Tomorrow is the first day of the 2020 -2021 school year. I along with many other teachers in Atlanta and other counties in Georgia will set our alarms tonight, get up early, and head to work tomorrow.
My commute – a 10 minute bike ride through Piedmont Park – will be replaced with walking down my stairs to the dining room table where I now work. This year I won’t be enjoying our traditional back-to-school Waffle House breakfast in the cafeteria but instead will have a cup of coffee and maybe a yogurt parfait made with the remaining blackberries in the fridge. Instead of hugging friends and catching up with colleagues about lazy days and summer vacations, I’ll put on my blue lens glasses and log onto Zoom for our back to school faculty meeting.
Friends of mine in different districts will put on masks and report to their buildings having temperatures checked before entering then going to their room to work. No large group meetings, social lunches, or catching up in the workroom. All schools will be different, and these changes weigh heavy on teachers’ hearts.
Y’all know me: I love teaching. But at the end of each summer, I tend to get in a funk mourning the end of days by the pool, summer reading, and hanging out with friends. This year was different though because not only was I saying goodbye to summer, but I was also saying hello to a year that I have no paradigm for. So I allowed myself a little pity party this weekend and tomorrow morning I will fix my face and go to work (albeit at the dining room table in shorts and a Grady t-shirt).
Here’s what your teacher friends are asking of parents and the public:
Be patient as we adapt and adjust to the flood of new procedures that we will be implementing this year.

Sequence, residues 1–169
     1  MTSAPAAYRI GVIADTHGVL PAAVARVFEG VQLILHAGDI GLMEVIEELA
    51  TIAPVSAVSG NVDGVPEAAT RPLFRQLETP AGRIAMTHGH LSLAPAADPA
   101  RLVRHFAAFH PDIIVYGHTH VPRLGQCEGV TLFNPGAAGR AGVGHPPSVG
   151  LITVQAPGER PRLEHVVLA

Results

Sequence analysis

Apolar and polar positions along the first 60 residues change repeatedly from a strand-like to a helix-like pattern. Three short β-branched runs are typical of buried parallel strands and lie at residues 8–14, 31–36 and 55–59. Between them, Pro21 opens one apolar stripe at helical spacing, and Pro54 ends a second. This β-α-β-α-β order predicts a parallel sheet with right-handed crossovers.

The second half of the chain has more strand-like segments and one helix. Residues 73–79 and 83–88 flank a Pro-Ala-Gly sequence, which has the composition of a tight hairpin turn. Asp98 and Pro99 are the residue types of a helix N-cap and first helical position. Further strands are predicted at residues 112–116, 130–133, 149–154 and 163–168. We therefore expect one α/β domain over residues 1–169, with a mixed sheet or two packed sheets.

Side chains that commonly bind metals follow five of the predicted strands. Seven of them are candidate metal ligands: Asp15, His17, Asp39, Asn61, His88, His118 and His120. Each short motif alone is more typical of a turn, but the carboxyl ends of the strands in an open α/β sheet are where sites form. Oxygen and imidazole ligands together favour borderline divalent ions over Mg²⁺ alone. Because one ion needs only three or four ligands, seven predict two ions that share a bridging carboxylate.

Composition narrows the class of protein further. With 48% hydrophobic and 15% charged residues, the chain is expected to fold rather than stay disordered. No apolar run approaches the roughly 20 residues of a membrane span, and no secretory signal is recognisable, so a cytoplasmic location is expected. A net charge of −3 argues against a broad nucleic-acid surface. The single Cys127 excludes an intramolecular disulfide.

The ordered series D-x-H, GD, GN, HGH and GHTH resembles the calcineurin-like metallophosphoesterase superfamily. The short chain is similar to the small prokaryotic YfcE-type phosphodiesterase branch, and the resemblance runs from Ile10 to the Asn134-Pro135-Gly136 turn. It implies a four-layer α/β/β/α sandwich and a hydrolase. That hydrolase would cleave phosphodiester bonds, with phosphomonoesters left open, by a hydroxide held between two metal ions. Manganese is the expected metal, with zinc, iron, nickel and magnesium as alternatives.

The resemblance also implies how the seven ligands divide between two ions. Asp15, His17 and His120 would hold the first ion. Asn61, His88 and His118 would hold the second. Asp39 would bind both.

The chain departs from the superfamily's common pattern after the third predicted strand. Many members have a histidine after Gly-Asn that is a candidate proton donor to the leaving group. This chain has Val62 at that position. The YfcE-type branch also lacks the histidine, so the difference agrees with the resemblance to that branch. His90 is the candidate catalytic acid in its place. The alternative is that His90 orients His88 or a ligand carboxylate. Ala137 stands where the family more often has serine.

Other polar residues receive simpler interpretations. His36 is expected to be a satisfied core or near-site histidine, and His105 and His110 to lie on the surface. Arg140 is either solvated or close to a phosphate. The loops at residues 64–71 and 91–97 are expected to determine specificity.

Forgive us as we will make mistakes.
Assume we have the best interest of our students (your children) at heart.
Allow us space to experiment with new ideas.
Serve, pray for, and encourage us.
Here’s my challenge to my educator friends:
Take time to grieve the loss of a “normal” year then move forward.
Prioritize what absolutely has to be done and don’t beat yourself up over the rest. (Let things that directly impact students drive your priorities).
Take care of yourself.
See this year as an opportunity to grow and rethink education.
Serve, pray for, and encourage others.
When I’m at a loss for words (okay, that’s usually never), I turn to prayer and poetry.
Good Bones by Maggie Smith
There’s one thing I know about teachers: we are resilient. We will get the job done often going above and beyond. We can make something beautiful of 2020.
Finally, know that I’m praying this prayer of blessing over my educator friends this year:
‘“The Lord bless you
and keep you;
the Lord make his face shine on you
and be gracious to you;
the Lord turn his face toward you
and give you peace.”’ Numbers 6:24 – 26
Amen and Amen.